Creative Instigator Stefan Mumaw Returns to HOW Design Live

For first-time HOW Design Live attendees, it’s kind of a rite of passage: Attending Stefan Mumaw’s HOWConnection kickoff session, a crazy mashup of activity and energy that takes the ‘work’ out of networking. Mumaw will present the latest iteration of this wildly popular session in Chicago on Day 1 of HOW Design Live 2017. We recently queried him about his own experiences, and about what he gets out of HOW as a veteran attendee.


Stefan Mumaw leading HOW Design Live 2016’s HOW Connection

So, 2017 makes how many HOW conferences for you? Was your first experience as an attendee or as a speaker? What was that like?
My first HOW experience was an an attendee, in San Diego in 2004. My first speaking experience was a few years later, in 2006 in Las Vegas. As I count them up, this will be my 13th conference, 11th as a speaker (suck it, Jim Krause).

My first HOW Conference experience back in 2004 was incredible. It was the first time I can remember thinking, “I’m not alone. There are other freaks just like me.” There’s few feelings that impact a person’s life quite like the feeling of belonging. Right or wrong, so much of our self-worth as designers is wrapped up in what we do for a living and how we perceive the world. To know that there are others who see the world the same way brings a certain peace that only community can give.

What would you tell your first-year HOW attendee self that you now know about the event?
Take off the mask. I was so concerned with looking the part, especially as a speaker, that I missed opportunities to get better, to improve both intrinsically and extrinsically. I wanted everyone to think I had it all together because that’s how I viewed the other speakers. But the truth is none of us have it all together. We are all just trying to find joy in what we do, be respected for our opinions, and get opportunities to do work that we find worthy. Stage or seat, it doesn’t matter.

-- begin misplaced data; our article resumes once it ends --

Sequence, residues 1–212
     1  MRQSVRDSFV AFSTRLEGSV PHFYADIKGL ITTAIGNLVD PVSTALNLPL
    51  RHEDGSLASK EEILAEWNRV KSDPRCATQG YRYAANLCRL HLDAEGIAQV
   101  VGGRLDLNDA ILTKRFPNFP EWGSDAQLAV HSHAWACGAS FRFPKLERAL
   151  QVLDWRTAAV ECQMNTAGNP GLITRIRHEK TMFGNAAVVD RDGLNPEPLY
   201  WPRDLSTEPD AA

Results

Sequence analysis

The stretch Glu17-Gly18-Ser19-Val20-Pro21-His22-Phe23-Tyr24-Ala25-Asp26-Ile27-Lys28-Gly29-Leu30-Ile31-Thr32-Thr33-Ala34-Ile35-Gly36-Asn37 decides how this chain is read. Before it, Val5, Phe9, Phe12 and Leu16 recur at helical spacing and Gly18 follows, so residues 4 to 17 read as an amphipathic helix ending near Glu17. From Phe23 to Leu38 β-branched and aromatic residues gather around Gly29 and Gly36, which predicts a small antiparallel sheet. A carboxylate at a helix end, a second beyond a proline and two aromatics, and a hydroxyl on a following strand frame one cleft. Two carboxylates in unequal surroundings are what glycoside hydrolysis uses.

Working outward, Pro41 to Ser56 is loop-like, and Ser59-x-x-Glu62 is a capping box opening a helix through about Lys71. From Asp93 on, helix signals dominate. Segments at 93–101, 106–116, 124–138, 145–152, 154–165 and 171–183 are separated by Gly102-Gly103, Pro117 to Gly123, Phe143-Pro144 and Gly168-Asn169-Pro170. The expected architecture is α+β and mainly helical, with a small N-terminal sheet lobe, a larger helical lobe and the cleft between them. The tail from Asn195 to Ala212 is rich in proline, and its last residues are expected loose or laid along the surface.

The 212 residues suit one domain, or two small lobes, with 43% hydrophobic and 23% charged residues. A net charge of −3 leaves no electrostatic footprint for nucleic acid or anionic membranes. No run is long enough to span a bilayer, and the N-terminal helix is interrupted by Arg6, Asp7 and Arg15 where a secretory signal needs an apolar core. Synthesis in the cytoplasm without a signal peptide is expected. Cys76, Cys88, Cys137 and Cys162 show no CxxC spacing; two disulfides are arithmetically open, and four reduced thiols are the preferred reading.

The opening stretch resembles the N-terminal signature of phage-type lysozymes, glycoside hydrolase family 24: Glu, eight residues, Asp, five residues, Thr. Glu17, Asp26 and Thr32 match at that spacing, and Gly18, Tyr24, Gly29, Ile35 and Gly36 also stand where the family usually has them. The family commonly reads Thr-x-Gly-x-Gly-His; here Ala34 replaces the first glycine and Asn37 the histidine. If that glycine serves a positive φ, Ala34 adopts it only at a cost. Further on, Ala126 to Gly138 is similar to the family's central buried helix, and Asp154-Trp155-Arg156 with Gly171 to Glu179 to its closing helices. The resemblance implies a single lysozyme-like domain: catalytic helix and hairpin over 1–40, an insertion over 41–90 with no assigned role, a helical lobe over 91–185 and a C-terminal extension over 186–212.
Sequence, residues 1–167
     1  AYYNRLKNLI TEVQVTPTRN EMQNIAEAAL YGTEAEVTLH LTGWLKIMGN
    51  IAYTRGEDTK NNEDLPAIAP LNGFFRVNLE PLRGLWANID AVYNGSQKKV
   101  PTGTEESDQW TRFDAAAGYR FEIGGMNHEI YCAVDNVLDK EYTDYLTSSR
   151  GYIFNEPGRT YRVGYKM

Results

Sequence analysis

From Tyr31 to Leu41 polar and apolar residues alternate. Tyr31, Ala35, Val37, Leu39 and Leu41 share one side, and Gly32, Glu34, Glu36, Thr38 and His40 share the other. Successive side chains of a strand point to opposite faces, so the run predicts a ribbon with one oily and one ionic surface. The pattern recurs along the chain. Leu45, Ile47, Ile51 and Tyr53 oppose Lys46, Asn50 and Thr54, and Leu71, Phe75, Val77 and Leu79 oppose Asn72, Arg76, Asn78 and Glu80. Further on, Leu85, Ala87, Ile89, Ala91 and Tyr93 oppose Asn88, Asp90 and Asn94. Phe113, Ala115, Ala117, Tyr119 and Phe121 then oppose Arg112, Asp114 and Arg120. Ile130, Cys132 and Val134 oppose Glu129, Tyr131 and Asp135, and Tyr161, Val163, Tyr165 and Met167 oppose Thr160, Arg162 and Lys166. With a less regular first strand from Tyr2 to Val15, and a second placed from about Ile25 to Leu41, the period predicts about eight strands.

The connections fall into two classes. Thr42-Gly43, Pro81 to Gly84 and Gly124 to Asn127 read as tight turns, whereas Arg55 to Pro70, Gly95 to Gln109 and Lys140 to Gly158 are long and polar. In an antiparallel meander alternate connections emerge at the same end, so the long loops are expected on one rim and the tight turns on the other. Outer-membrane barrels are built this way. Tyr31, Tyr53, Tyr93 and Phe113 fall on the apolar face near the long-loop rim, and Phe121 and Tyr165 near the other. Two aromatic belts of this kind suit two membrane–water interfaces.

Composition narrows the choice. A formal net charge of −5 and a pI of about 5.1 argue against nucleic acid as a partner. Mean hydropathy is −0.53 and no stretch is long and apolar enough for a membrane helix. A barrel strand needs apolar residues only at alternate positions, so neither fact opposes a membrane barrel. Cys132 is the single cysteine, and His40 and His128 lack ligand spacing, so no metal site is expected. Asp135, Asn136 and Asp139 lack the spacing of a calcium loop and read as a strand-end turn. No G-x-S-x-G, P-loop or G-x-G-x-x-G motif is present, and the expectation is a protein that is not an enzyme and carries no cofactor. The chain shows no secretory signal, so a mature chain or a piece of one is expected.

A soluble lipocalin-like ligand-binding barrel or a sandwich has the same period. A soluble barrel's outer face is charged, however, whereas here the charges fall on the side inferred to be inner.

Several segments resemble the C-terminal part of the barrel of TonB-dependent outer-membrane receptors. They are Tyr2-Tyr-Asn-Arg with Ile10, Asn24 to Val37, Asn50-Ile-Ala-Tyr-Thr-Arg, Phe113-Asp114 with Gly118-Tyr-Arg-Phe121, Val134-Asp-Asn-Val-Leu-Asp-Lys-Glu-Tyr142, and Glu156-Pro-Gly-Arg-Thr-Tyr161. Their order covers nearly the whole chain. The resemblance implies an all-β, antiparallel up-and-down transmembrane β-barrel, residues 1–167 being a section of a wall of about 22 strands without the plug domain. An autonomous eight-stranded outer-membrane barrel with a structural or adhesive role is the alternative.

I wish I would have taken off the mask earlier, I wish I would have struck up random conversations earlier, went to lunch with strangers, asked others what they thought, begged for feedback. I would be so much better right now if I did.

Your speaking roles aside, what do you get out of attending HOW year after year?
I get to be with people who I don’t deserve to hang with in any other context and talk shop as if I do. Social media kind of keeps the fire of friendship alive, we see each other’s lives and stumble across happenings with each other periodically, it’s like we have the skeleton of a relationship that gets its skin when we see each other at HOW. It fills in the missing parts of our relationships. We go from comments to conversations, from memes to meals. In just five days, HOW creates longing for the folks I am privileged to call friends. These people are so much better than I am, personally and professionally. I admire them so much, and I get to be with them at HOW each year. That’s rare and special. And no one throws a design party like HOW throws a design party.